Aldermen, please designate the cemetery meadow as a quiet green space.

Preserve this valuable green space for future flexibility

Town Hall thinks of the meadow as a random vacant lot

Quiet Green Space designation is essential

Infill is good, but no one wants to live in a town that is paved over. All of the true parks in Carrboro are north of Main, surrounded by single family homes. The meadow in the town-owned Westwood Cemetery on Fidelity is the only significant public green space south of Main. (The Farmer’s Market is half dirt and concrete, and it’s nearly on Main anyway.)

Preserve this valuable green space for future flexibility

The Fidelity-Davie neighborhood in central Carrboro is the densest part of town. On Fidelity Street and in Fidelity Court, there are over 500 residents. There are close to 500 more nearby on Davie and Poplar. These folks are mostly short term residents (grad students and postdocs) or working class people. Neither population talks to Town Hall much.
Given the natural ridge along the cemetery’s driveway, it would be easy to plant screening so that some people could use the meadow for relaxation and quiet exercise, without disturbing visitors to the graves. In the future, a small winding paved path could be built to provide access for baby carriages and wheel chairs. A wood platform surrounded by wood benches could be built for ceremonies, including weddings. It might be decided to use some non-rocky portions for more graves, or to build a columbarian to store the ashes of the departed. All of these uses would be impaired by having utilitarian facilities such as the Google hub present.

Two Deer .JPG

Town Hall thinks of the meadow as a random vacant lot

In 1989 the postal service said that the old post office by Wendy’s was too small. Since having the new post office be as close to downtown Carrboro as possible was deemed to be the top siting priority, there was consensus in Town Hall that the cemetery meadow should be used. Some neighbors objected, but the main credit for rejecting this choice went to the Town’s Cemetery Commission. The postal service also did not like the site, partly because it was too small for them: If this had come to pass, the entire meadow would have become a parking lot for mail delivery vehicles. The new post office ended up on the major road NC-54, and it became more central as we have grown toward the west.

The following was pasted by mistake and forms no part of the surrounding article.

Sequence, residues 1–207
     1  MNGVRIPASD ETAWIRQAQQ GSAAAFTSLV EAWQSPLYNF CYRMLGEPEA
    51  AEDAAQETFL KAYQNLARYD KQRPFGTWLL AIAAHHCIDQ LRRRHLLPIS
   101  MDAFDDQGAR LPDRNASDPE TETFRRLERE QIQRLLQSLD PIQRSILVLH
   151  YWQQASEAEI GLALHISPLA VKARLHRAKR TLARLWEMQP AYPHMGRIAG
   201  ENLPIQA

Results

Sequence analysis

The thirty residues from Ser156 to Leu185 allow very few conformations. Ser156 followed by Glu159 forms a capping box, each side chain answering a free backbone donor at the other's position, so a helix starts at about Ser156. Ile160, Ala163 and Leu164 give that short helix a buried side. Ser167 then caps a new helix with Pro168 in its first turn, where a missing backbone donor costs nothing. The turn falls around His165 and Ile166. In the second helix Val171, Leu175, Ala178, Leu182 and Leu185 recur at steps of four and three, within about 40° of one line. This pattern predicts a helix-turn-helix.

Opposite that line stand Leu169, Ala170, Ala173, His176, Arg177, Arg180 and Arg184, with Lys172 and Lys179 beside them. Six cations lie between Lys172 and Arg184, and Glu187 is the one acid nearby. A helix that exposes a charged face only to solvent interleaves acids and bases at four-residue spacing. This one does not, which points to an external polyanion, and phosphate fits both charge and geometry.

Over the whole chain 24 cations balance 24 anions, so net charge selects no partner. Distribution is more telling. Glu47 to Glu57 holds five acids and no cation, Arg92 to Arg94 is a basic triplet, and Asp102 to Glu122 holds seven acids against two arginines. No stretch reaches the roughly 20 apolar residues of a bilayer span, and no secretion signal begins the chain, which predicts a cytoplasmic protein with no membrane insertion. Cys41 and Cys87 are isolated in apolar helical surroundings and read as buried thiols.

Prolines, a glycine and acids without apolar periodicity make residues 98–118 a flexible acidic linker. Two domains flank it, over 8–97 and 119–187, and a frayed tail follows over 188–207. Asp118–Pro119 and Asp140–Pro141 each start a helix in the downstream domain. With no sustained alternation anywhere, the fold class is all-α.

Around 1994, Mayor Mike Nelson told Bob Proctor that Town staff was seriously considering using the meadow for the town’s new Public Works yard, e.g. to store garbage trucks. He asked Bob what he thought the neighbors might say. Bob replied “Don’t even think about it.” Nothing came to pass: Unmarried young Mike had lived in Fidelity Court, in White Oak, and on Poplar. So he appreciated this meadow.
For many years Public Works has used the area by the end of the cemetery’s driveway as a “staging area”. Usually this means that piles of dirt are stored here, surrounded by garish orange fencing. Sometimes construction equipment is stored here, near many recent graves.

Quiet Green Space designation is essential

Given this history of the Town’s staff lack of respect for open urban land and the lack of any official status for this meadow, it is not surprising that the 2016 developments described in No Public Input occured: The opaque Google siting process was designed by Town staff to be as speedy as possible, and this meant sidestepping any public discussion. Not even the next door neighbors knew what would happen before the bulldozers arrived in April.
Going forward, it is essential that the Aldermen clearly state to the Town’s staff that this land is not to be considered again for utilitarian purposes. Otherwise there will be the danger that future staff members will again regard this neighborhood’s transient and working class population as not deserving tranquil green space (as do the soccer Moms on the “good” side of Main). We all own this land; it does not belong to the Town’s staff. This meadow is uniquely valuable, and in the future the public must be fully involved from the outset in forming plans for it. Given the demographics of this neighborhood: Any pre-formulated plan will probably glide through Town Hall without public input, unless the neighborhood is fully notified well in advance.

Cemetery Sign .JPG

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